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Managing Side Effects of HIV TreatmentManaging Side Effects of HIV Treatment
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Jan 23, 2005

My partner is HIV positive and I was recently exposed to potential infection. His viral load is undetectable and I have been assured that the risk of my infection is very low, but I was still put on a cycle of antiviral drugs as a precaution. Ten days into taking the meds I began to develop what looks like psoriasis. My doctors insist that this is not a symptom of any developing HIV. I assume that it is a possible response to the meds as psoriasis is triggered by T-cell production. I only assume this from my own investigations. Is this a common problem? Do you have an opinion? I've been off the drugs for twelve days and it still hasn't cleared up. what should I do?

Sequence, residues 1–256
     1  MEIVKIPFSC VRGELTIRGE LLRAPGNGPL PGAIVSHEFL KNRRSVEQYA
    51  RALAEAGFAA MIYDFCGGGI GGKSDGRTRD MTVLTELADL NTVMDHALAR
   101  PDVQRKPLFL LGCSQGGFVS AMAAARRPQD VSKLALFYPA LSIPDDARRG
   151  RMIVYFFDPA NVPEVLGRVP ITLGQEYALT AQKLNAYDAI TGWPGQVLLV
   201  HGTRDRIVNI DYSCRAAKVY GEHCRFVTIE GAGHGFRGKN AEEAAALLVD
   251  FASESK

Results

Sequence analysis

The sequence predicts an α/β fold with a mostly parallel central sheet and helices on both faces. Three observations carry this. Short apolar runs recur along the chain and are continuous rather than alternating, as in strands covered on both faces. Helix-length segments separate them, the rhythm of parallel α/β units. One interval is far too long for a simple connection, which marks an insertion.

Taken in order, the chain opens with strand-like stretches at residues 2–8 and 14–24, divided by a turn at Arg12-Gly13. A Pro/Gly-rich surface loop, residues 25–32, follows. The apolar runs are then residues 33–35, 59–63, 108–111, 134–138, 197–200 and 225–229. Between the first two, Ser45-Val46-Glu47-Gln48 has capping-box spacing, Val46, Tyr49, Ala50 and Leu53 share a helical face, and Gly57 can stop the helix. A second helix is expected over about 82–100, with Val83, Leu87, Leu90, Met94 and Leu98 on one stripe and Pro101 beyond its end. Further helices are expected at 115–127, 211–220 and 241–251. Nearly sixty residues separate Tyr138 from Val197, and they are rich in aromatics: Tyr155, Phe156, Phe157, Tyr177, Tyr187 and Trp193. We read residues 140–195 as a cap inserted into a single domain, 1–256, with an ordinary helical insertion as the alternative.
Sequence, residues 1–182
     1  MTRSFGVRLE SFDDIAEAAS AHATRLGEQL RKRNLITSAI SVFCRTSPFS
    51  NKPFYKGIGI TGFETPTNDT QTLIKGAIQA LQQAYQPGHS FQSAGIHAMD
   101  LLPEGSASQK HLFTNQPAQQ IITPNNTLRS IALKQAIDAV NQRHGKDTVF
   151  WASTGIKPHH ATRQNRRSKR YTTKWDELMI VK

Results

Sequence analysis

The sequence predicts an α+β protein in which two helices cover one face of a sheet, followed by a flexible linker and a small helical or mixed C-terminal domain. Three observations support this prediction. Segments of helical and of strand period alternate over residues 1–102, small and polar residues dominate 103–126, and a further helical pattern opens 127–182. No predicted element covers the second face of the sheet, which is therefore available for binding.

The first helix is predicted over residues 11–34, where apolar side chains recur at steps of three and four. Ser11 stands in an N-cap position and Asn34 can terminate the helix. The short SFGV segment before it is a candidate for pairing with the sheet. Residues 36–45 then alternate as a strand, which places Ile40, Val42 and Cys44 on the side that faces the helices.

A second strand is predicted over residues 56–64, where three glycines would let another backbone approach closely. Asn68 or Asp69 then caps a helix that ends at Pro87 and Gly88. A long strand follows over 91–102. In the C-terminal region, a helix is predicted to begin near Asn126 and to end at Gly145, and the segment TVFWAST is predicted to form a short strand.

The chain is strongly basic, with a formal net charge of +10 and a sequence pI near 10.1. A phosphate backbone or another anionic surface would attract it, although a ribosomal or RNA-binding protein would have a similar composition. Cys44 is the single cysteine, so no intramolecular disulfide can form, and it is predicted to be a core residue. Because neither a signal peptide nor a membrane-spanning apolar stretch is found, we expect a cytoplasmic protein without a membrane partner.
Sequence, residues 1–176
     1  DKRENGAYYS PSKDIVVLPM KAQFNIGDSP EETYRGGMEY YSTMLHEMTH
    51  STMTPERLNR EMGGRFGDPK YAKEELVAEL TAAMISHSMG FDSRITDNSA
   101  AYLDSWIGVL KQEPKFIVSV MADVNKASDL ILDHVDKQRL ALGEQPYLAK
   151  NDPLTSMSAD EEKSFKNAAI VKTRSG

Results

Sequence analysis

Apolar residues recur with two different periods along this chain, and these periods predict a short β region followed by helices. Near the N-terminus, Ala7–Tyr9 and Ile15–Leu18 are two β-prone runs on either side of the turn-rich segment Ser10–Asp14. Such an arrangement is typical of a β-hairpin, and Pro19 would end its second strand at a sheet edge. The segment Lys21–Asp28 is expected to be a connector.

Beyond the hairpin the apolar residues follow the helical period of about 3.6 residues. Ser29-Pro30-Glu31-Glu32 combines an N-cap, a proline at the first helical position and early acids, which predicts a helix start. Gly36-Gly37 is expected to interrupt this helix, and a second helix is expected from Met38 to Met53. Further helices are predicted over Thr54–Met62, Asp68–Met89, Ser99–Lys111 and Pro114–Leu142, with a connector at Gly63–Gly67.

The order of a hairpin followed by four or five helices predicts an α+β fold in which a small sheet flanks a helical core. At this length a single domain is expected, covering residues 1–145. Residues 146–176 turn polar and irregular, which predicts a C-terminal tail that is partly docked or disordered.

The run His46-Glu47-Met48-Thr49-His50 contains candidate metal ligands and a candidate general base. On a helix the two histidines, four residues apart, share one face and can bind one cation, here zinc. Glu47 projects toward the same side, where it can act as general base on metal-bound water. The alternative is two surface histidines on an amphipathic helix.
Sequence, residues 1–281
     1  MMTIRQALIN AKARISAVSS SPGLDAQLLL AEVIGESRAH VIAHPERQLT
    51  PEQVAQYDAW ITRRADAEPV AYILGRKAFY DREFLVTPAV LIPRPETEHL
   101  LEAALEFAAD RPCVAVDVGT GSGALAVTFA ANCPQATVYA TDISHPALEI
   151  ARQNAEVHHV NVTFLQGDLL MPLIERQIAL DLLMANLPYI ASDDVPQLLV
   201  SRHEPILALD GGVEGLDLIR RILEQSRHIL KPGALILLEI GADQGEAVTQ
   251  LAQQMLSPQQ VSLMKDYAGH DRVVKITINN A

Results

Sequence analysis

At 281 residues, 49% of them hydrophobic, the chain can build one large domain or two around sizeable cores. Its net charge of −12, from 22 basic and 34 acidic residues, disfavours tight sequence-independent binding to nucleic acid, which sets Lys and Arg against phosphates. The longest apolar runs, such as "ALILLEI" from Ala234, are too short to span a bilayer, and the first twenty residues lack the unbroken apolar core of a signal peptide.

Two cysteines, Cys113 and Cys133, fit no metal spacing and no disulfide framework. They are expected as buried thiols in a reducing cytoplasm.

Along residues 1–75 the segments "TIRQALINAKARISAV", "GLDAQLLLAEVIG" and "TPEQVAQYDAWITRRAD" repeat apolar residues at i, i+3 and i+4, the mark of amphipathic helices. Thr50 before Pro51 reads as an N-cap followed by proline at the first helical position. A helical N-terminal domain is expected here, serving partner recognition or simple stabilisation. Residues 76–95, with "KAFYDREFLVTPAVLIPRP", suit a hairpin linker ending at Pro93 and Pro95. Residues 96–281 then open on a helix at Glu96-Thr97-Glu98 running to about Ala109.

Response from Dr. Conway

Cutaneous side effects of medications are quite common and may last as long as 2 weeks after you have stopped them. I am not sure if your skin problem is psoriasis, but if it is, you are right that immune stress, intercurrent infections and even some medications and their side effects may enhance the likelihood of its occurence. Isolated skin rashes are quite rarely the only sign of acute HIV infection, and the fact that your partner's viral load is undetectabel reduces the likelihood of transmission. Nonetheless, I agree with the decision to put you on antivirals and would make sure you get tested for HIV over the next 6-12 weeks to make sure transmission did not occur.

desparate for advice
Change from AZT to DDI

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